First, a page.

VCs often participate through their board representatives or observers in deliberations over whether to liquidate or put companies up for sale or in responding to acquisition bids. They nearly always have a separate preferred class or later-stage preferred series vote on liquidating or selling the company. Their preferred stock liquidation preference, as well as any participating preferred rights, lets them recoup their original investment amount before other stockholders receive proceeds, but also participate in any greater proceeds they would receive as common stockholders (by converting to common stock). Finally, VCs often have drag-along rights to cause voting agreement parties to vote for mergers or asset sales, thereby enabling the company exit, subject to standard selling stockholder conditions.

Anti-dilution protection

What anti-dilution protections are typically built into the terms of venture capital securities?

VC convertible preferred stock normally converts initially on a one-for-one basis into common stock at a conversion price equal to their original purchase price. But if the company effects a stock dividend, reverse stock split or similar recapitalisation, the conversion price is adjusted upwards or downwards proportionately to the change to each share of common stock. The conversion price is also normally adjusted for dilutive issuances, most commonly on a ‘broad-based weighted average’ basis factoring in the number and original issuance prices of different classes and series of stock to arrive at a lower blended average conversion price, or more rarely on a ‘narrow-based weighted average’ basis (only factoring in outstanding stock or preferred stock) or ‘full-ratchet’ basis (lowering the conversion price to the dilutive issuance price). This price protection protects against economic dilution from lower-priced share issuances, but has standard exceptions for conversion shares, option grants and other commercial issuances not undertaken primarily for financing purposes.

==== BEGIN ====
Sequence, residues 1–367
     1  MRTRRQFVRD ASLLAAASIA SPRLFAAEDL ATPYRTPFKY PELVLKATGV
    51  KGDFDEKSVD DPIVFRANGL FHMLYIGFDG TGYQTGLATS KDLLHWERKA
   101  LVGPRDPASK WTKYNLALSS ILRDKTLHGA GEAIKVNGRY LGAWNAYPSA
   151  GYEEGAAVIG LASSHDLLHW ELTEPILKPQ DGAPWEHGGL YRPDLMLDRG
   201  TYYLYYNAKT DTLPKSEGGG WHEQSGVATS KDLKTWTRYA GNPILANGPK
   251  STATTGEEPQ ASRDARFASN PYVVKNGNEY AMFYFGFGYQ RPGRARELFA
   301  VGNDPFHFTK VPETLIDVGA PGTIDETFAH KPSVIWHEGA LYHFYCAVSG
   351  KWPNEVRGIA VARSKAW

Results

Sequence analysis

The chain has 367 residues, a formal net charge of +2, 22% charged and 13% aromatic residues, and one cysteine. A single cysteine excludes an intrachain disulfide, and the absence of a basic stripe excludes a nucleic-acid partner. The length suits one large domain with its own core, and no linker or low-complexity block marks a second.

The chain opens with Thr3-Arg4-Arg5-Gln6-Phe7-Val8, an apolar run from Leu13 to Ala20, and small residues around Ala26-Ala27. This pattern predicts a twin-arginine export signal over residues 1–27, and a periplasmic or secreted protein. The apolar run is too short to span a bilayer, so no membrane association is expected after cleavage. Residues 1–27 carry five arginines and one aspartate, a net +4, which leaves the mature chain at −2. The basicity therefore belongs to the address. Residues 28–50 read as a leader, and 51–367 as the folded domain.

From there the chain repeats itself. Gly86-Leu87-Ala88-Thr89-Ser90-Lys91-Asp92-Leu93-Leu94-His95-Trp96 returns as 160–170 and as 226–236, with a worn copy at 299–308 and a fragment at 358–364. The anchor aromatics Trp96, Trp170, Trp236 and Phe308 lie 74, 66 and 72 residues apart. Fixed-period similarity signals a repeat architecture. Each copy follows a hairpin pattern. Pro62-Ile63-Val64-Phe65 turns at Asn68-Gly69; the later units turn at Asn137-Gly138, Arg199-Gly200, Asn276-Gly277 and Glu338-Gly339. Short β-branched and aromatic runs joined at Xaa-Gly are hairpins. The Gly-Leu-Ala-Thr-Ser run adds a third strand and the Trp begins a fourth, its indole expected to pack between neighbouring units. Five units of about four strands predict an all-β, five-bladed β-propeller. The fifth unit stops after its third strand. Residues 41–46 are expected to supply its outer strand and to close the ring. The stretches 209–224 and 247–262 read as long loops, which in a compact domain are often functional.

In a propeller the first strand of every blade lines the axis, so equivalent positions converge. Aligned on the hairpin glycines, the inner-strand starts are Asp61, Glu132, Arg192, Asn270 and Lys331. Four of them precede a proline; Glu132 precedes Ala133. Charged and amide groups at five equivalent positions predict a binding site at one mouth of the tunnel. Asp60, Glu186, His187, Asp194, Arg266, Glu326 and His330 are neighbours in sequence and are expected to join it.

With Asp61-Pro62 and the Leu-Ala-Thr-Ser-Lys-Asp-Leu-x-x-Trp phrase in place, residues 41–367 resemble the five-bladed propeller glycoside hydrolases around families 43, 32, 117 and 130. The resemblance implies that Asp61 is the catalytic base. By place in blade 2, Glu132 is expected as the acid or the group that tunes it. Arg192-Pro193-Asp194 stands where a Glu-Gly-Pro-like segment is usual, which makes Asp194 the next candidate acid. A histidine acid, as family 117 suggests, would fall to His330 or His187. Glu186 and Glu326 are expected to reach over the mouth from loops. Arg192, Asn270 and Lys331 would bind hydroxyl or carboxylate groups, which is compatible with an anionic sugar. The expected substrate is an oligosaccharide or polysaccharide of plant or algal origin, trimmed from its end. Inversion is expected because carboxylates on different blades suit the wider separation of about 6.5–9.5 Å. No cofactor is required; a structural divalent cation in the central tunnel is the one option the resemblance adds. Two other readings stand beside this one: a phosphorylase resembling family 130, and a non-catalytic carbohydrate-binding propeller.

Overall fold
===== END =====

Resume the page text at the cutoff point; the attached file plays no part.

Future investments

What pre-emptive or pro rata investment rights do venture capital investors usually receive?

VCs usually have pre-emptive rights of first offer (sometimes referred to colloquially as ‘pro rata rights’) to purchase shares in new financings to maintain their voting or fully diluted ownership percentages. These rights are usually limited to major investors having a minimum number of shares high enough to merit that right, and participating investors exercising their rights usually have a limited period in which to gobble up declining investors’ potential allotments. These rights have exceptions similar to that for price-based anti-dilution adjustments.

Insider sales

What rights do venture capital investors normally have over insider sales of securities of portfolio companies?

Major investors have rights of first refusal (ROFR) and co-sale rights over such sales. The founders and key insiders are usually subject to these rights, though some investors want all 1 per cent or greater common stockholders to be bound. The company normally has a first ROFR, followed by the major investors’ ROFR on a pro rata basis among major investors or co-sale right to sell shares alongside the insider on a pro rata basis for the total shares sold. These ensure investor control over new equity holders of the company, but are burdens on insider share resales.